Plant native. Native or adapted trees are more likely to thrive in our area than trees that are unaccustomed to our hot summers, cold winters, and alkaline clay soil. Texas Smartscape and Texas A&M Forest Service both provide online resources to help with selection and planting of appropriate native and adapted tree species.

Plan the location carefully. Tree roots spread horizontally more than vertically as they grow during the tree’s lifetime. When planting, make certain that your tree’s roots have room to grow without encountering potential obstacles, such as sidewalks or utility boxes, or eventual space conflicts with your home’s foundation.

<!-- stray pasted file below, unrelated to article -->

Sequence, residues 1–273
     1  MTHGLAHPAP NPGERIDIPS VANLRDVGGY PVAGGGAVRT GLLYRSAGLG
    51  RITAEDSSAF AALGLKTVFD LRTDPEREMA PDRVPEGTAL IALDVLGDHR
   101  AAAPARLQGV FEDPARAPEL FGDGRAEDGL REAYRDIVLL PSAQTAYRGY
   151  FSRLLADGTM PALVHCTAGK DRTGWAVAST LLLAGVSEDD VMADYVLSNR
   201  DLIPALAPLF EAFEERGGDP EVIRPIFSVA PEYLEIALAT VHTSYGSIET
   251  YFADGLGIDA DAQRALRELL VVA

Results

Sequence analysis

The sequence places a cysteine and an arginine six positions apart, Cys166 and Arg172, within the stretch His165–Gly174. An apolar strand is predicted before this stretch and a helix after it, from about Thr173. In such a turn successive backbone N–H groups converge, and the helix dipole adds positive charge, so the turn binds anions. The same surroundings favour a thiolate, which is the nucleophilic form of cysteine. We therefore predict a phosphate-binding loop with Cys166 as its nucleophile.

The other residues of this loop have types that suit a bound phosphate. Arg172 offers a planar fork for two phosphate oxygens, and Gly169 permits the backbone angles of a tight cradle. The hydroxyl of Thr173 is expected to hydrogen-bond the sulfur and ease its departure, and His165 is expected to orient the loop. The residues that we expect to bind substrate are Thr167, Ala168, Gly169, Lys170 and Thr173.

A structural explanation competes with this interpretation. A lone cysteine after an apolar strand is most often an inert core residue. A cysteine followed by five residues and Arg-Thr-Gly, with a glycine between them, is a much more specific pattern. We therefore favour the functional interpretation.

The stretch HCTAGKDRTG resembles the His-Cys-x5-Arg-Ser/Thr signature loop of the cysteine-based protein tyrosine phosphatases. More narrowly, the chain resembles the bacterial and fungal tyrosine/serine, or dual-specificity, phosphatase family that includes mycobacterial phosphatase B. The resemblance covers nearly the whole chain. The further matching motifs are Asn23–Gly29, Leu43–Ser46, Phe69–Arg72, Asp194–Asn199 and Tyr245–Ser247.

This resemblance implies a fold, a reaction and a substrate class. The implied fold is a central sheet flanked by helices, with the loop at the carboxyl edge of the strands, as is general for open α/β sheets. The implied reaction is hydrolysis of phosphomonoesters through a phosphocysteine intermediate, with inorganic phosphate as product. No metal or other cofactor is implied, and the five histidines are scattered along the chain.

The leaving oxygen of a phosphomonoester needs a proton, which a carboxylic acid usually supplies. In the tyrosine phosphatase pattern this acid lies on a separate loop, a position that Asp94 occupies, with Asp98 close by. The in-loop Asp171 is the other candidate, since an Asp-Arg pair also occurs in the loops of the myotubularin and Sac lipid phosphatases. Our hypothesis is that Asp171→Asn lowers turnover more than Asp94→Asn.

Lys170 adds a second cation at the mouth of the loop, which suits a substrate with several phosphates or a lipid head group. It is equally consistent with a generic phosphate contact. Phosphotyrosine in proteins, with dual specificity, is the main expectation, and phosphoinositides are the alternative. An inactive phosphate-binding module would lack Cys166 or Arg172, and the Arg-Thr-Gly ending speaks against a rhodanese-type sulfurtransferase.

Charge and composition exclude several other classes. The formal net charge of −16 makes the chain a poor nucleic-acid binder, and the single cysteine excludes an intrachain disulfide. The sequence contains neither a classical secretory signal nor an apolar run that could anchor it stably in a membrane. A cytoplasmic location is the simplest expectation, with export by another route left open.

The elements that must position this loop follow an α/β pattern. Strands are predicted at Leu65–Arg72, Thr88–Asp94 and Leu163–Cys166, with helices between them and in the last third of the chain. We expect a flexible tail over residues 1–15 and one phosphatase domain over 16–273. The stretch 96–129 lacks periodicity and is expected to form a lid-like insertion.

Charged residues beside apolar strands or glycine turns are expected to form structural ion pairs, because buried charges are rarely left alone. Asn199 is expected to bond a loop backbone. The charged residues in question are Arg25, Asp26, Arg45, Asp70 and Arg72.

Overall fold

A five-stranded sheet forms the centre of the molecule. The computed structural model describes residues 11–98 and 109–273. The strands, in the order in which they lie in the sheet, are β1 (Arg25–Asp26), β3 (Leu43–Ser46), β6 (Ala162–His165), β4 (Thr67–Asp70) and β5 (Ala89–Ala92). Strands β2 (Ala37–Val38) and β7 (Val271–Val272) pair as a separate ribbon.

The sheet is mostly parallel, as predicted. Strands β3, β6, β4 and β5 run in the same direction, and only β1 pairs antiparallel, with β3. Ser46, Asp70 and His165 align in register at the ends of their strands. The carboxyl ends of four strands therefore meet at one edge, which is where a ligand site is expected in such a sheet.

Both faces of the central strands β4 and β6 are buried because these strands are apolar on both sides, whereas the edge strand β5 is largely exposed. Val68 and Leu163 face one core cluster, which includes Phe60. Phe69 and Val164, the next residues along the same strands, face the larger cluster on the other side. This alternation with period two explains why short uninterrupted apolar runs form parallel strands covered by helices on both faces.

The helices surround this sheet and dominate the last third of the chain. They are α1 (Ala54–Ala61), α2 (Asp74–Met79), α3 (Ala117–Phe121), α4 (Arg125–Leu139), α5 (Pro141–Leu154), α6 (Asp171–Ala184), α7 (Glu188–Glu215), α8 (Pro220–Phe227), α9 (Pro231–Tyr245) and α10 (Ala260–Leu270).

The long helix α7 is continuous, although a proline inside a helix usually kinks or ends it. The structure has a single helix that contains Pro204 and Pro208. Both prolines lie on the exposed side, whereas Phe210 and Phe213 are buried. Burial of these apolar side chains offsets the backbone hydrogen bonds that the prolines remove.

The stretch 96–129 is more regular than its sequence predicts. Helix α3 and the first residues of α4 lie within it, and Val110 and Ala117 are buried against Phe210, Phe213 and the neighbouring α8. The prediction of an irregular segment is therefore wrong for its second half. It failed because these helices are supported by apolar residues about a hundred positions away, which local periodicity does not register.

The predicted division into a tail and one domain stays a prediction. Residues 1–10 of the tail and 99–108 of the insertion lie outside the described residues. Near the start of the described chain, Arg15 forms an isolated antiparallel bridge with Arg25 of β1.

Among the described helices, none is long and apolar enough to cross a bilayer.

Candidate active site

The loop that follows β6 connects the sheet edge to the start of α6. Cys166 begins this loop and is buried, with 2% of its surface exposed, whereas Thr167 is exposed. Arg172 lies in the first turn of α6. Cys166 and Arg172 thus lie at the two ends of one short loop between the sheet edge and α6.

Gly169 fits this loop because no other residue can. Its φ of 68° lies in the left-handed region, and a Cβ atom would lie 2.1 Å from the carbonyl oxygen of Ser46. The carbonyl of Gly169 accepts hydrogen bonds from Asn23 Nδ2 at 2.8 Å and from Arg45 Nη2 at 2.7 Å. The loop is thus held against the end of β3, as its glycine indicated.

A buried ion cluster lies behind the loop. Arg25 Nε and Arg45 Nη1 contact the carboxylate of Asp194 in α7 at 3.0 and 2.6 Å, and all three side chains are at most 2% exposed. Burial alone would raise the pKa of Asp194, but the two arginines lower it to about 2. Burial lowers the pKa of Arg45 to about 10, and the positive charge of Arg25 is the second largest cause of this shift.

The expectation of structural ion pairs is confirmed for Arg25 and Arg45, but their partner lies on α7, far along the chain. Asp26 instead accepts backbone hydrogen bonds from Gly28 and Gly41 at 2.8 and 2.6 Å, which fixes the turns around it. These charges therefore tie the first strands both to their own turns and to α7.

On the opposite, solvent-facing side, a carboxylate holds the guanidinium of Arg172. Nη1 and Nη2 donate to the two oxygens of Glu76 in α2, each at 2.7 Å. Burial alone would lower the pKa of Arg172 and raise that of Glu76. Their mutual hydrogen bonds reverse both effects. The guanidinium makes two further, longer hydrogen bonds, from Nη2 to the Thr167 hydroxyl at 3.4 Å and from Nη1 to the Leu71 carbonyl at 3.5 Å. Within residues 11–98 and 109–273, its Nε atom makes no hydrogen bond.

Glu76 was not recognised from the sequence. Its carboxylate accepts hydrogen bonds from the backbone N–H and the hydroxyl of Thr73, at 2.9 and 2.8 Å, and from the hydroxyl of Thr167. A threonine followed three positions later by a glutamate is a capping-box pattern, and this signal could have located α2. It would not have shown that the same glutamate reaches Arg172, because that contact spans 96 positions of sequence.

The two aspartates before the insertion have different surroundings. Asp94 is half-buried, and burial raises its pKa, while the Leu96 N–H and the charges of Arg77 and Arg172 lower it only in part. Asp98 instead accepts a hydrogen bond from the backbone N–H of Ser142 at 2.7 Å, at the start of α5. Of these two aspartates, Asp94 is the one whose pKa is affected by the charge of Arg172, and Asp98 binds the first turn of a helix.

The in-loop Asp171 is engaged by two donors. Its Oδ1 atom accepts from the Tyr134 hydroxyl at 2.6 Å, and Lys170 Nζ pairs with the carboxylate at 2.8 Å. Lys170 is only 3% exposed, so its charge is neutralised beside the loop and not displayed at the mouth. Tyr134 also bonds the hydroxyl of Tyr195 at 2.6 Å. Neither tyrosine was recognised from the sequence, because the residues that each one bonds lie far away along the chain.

Water smarter, not harder. A young tree’s water needs are particularly finicky shortly after planting, and over-watering can kill a tree just as easily as under-watering. When planting, water the newly planted tree until the hole is soaked and the roots are saturated. Afterwards, a good rule of thumb is to keep the soil moisture content consistent at a depth of four to six inches. To apply the correct amount consistently, soaker hoses, drip lines and bubbler systems are often the most effective means of watering. Avoid using spray sprinklers to water trees, as the diffuse nature of this watering method makes it more difficult to determine exactly how much water is evaporating before reaching the extended root network.